After the latest storm blew through (leaving a good deal less than hyperbole’s prediction), we thought it a good day to strap on winter’s big feet and snowshoe out to a nearby point for a look at the February ocean. Back in post-thaw January, when the cold returned, the whole salt bay had been iced over, and some of the cast-up chunks of sea-ice had been the size of Volkswagens. What, we wondered, might the rising sun angle have wrought, even amid the long cold and repeating storms?
After the usual remembrance and wrestling with our bindings, we ‘shoed up over the plowed berm and out along the track into the woods. The winter-blue sky was deep and the northwest wind stripped sleeves of snow from the trees, seeding the air with snow-grains that curved and recurved like flocks of tiny birds. Snowshoeing is slow going, and it took us about a half-mile to remember this. But then we stopped trying to stride forward (which catches the toe of your ‘shoe, pitching you forward) and fell into its deliberate lifting rhythm. We were in no hurry.
Under the few inches of new snow, the recent rain-crust cracked, dropping a half-foot at every step in oversized indentations. We were leaving monster tracks; some explorer, stumbling across then for the first time, would be wary – how big must this creature be to leave such tracks? As we ‘shoed on, leaving a path of possible wonder, I fell to thinking about our far western cousin, Big Foot himself. (There have, I’ve read, been sightings of Big Foot in every state, except Hawaii.)
Grainy fabrications aside, all we have of Big Foot are his (or her) tracks. But unless some descendant of the Merry Pranksters is out there in the dark woods of the Pacific Northwest, strapping on outsized feet and striding gleefully through any available mud, there is something/one out there. Big Foot was on my mind because I’d recently read (here is the Thoreau connection) Robert Sullivan’s old Big Foot article in Outside Magazine. (Sullivan, you may recall, is the author of the recent The Thoreau You Don’t Know, one of my favorite modern works about him.)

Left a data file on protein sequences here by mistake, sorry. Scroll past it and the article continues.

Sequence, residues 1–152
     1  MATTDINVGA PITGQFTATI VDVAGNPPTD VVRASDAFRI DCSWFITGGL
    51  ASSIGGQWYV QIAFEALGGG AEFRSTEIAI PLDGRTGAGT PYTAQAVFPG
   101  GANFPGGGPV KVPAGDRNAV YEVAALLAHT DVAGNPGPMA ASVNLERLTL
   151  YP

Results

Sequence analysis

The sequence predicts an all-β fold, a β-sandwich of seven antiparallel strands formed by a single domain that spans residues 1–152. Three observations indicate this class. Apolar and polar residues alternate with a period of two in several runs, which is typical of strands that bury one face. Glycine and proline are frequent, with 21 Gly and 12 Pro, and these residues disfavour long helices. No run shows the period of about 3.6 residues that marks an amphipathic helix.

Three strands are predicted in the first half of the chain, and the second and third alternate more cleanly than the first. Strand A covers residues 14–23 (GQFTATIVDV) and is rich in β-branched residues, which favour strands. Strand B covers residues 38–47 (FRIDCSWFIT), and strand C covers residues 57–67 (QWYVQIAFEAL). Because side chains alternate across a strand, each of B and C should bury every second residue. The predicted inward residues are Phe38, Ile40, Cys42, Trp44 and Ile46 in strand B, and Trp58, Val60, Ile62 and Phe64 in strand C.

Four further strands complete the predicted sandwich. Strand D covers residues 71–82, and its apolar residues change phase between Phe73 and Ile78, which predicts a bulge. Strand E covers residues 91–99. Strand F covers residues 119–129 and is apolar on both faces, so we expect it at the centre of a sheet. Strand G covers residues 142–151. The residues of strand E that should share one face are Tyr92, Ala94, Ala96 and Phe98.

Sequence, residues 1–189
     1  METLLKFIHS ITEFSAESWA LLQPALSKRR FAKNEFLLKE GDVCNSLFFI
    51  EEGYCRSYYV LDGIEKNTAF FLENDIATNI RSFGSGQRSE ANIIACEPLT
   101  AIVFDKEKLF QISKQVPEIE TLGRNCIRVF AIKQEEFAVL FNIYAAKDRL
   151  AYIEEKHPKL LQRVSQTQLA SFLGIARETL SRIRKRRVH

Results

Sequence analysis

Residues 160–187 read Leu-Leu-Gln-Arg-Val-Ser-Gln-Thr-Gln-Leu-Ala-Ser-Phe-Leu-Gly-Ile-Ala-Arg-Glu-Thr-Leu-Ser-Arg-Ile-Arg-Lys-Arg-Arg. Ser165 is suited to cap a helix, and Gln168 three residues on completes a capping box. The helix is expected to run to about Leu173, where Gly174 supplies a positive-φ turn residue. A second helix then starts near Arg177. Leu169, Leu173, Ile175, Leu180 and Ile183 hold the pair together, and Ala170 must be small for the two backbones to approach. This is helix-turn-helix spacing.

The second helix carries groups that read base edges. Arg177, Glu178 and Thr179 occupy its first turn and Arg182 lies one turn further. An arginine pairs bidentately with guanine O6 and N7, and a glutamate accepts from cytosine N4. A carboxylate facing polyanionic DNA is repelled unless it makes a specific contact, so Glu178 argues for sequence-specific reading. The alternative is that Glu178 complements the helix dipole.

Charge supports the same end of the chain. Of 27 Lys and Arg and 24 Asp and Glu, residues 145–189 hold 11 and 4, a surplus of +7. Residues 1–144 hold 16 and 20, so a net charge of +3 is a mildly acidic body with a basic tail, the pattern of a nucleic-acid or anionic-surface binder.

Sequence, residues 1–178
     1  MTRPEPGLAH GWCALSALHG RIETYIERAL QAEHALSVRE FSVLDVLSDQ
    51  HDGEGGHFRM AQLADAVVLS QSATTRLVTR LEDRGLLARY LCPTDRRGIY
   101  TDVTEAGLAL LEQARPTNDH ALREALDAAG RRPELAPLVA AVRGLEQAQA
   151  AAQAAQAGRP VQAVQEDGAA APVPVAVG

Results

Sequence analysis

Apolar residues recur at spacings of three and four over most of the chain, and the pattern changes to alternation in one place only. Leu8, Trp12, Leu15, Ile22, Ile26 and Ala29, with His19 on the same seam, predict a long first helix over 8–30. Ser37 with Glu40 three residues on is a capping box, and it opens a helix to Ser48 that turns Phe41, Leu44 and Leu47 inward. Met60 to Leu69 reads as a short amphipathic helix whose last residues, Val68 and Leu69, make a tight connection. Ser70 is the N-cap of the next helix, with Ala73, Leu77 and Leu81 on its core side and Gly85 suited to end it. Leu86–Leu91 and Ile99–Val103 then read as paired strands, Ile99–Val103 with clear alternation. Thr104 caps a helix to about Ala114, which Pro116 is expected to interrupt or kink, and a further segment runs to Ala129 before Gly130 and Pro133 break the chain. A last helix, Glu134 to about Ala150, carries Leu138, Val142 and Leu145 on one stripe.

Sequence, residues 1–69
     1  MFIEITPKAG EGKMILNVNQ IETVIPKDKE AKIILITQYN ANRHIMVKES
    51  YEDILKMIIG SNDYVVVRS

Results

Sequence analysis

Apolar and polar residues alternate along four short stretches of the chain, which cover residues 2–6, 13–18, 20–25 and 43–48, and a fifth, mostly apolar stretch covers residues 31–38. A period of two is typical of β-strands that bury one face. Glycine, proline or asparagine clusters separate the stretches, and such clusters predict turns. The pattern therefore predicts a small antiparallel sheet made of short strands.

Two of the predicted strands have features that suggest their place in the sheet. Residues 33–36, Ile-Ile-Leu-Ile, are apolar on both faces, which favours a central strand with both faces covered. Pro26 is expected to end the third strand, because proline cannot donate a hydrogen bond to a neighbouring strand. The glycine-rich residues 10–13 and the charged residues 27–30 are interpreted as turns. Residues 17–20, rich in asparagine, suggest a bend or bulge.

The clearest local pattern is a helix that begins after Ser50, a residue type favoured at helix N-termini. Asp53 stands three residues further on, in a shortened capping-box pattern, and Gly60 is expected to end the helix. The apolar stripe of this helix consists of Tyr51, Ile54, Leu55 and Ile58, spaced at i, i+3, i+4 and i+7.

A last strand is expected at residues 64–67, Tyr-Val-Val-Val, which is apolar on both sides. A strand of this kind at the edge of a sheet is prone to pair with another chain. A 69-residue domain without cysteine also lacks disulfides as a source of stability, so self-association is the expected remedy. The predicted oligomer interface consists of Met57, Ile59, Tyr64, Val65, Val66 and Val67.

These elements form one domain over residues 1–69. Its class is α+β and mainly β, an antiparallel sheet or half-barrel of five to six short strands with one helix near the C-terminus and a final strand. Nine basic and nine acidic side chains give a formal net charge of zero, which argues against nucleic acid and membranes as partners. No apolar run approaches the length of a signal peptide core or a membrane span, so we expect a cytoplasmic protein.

From the article, originally published in Open Spaces, an attractive journal also from the northwest, a few things became clear: first, Sullivan – always drawn to quirky subjects – must have smelled a book in Big Foot. But, as he visits with various Big Foot searchers (and “researchers”), the loopy nature of the Big Foot community comes clear; circles of rivalry and self-reference form the spin of excitement and myth that keeps Big Foot alive. And yet, despite the outsized estimates of his (or her) size – upwards of seven feet and perhaps 1,000 pounds – Big Foot remains seldom seen. And undocumented.
All this mulling and slow ‘shoeing brought us to the sea, which shimmered under the race of wind and the angled sun. We walked along the bluff above the water, and as we did, we followed also fresh coyote tracks, three or four coyotes if I read the overlays well. Partway out to the point we reached a point of convergence – the tracks radiated out from a short slide down the bank next to an overhang; we must have been right above the den. Pulses a little elevated, we waited. The wind kept hurrying through the woods; the sea sparkled; we were awake to the possibility of other lives.
Then, we walked on. Any tracks we crossed were now heading the other way. Thoreau often sketched the tracks he found into his journal; they were the calligraphy of other lives, their sentences. And from these sentences emerged a sense of a world both real and mythic.
We ‘shoed on, leaving our big-footed tracks.